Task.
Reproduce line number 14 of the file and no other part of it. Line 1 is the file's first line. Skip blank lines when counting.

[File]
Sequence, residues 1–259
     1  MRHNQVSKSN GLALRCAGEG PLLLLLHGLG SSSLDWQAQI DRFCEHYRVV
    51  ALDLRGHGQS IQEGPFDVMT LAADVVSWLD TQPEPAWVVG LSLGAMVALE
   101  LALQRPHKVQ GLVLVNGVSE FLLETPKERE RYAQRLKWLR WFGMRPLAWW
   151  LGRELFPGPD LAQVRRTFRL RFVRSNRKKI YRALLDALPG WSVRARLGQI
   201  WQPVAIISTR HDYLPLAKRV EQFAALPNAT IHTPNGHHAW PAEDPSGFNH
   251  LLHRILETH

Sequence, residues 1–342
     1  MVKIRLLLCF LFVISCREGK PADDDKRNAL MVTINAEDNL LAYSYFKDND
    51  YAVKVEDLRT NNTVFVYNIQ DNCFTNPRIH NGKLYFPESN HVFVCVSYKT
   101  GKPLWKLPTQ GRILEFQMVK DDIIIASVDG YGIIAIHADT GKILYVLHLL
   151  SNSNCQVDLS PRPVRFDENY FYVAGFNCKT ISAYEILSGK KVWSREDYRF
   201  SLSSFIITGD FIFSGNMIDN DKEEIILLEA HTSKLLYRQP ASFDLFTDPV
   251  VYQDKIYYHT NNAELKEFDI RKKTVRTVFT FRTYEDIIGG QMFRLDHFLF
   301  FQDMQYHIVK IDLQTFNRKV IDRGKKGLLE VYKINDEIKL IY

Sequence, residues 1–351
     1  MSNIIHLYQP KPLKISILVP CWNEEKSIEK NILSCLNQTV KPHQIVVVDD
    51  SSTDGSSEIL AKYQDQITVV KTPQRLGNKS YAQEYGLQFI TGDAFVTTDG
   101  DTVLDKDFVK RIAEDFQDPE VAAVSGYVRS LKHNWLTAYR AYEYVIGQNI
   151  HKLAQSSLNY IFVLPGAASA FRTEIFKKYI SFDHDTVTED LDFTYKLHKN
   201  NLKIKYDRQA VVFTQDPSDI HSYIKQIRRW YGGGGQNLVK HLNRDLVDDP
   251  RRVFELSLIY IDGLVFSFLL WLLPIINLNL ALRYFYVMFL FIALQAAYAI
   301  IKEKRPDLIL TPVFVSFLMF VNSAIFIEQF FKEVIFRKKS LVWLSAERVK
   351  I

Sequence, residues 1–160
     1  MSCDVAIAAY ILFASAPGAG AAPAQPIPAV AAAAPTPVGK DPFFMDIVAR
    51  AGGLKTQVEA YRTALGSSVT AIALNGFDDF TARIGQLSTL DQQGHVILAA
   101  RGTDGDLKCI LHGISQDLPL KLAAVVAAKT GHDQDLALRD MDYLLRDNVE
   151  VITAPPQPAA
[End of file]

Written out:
   251  VYQDKIYYHT NNAELKEFDI RKKTVRTVFT FRTYEDIIGG QMFRLDHFLF